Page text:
Smoke rises from the northern Syrian town of al-Bab, Feb. 2, 2017. Reuters

Turkey-backed Syrian rebels opened fire Sunday on Syrian army forces and allies advancing toward opposition-held positions as the opposing factions waged parallel campaigns against the Islamic State group, also known as ISIS, in the country's north.

Various insurgent groups have attempted to overthrow Syrian President Bashar Assad since 2011 when massive protests transformed into an armed uprising against the state. In recent weeks, Russia, which backed Assad, and Turkey managed to broker an unsteady truce between their sponsored forces to concentrate on defeating ISIS, the common enemy of the government and rebel forces, in the northwestern city of al-Bab. Tensions between the Syrian army, its allied militias and rebels previously manifested themselves in clashes earlier this month and the latest confrontation has highlighted the failure of peace talks being held in Geneva and Astana, Kazakhstan, to achieve reconciliation between the government and opposition in Syria.

Sunday's violence reportedly occurred when the Syrian army and allied militias approached rebel positions in al-Bab, recently captured from ISIS by militants fighting under the banner of the Free Syrian Army. The Syrian army and allies were based in the town of Tadef, less than 2 miles southeast of al-Bab, where rebels targeted pro-government forces "with artillery and machine guns" before Russia mediated, an unnamed Syrian military official told Reuters, without specifying the number of casualties inflicted. An opposition statement claimed "22 regime members" killed, referring to soldiers loyal to Assad.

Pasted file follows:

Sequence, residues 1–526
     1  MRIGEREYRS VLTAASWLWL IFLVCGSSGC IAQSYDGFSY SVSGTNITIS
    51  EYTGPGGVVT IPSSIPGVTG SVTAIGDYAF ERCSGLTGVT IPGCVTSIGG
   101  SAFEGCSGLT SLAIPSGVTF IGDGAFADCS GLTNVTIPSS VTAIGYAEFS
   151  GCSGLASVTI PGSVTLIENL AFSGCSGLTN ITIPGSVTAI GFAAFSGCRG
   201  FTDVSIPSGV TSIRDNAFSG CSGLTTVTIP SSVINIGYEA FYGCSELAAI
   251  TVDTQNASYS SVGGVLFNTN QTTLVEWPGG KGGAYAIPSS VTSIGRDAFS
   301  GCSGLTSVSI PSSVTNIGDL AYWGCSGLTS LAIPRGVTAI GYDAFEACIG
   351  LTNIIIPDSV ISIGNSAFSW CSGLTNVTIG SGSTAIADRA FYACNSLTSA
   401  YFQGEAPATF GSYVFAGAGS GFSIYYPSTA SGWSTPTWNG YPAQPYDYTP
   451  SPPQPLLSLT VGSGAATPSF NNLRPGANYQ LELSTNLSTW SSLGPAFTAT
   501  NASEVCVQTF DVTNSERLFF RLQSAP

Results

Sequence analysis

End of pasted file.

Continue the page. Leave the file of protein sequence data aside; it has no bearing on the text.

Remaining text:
The Syrian military source said the attack proved the rebels' "main aim is not fighting Daesh, but realizing other goals including an attempt to obstruct the Syrian army's operation confronting Daesh," using the Arabic-language acronym for ISIS. Assad, his supporters and a number of the oppositions' critics including President Donald Trump, have accused nations that back rebel forces of bolstering ISIS' ranks. The Pentagon, which has supported the opposition to varying degrees throughout the conflict, recently halted assistance to rebels after years of leaks to jihadist forces such as Tahrir al-Sham, formerly known as Jabhat Fatah al-Sham and al-Qaeda's Nusra Front before that, and ISIS.

The Free Syrian Army has denied any connection to ISIS but has openly coordinated with some Islamist groups, especially as foreign support from the West declined and backing from Gulf countries such as Saudi Arabia and Qatar favored more conservative hardline organizations. Infighting among rebel groups, along with direct Russian intervention in 2015, has given the Syrian army the upper hand in the conflict. The government is in control of virtually all of Syria's major cities and has attempted to negotiate a solution to the six-year conflict that has killed hundreds of thousands and displaced millions more.

The news came as the Syrian army fought Monday with ISIS near the besieged town of Deir al-Zour in eastern Syria and bombed militant positions in the northwestern, rebel-held city of Idlib, Syrian state media reported.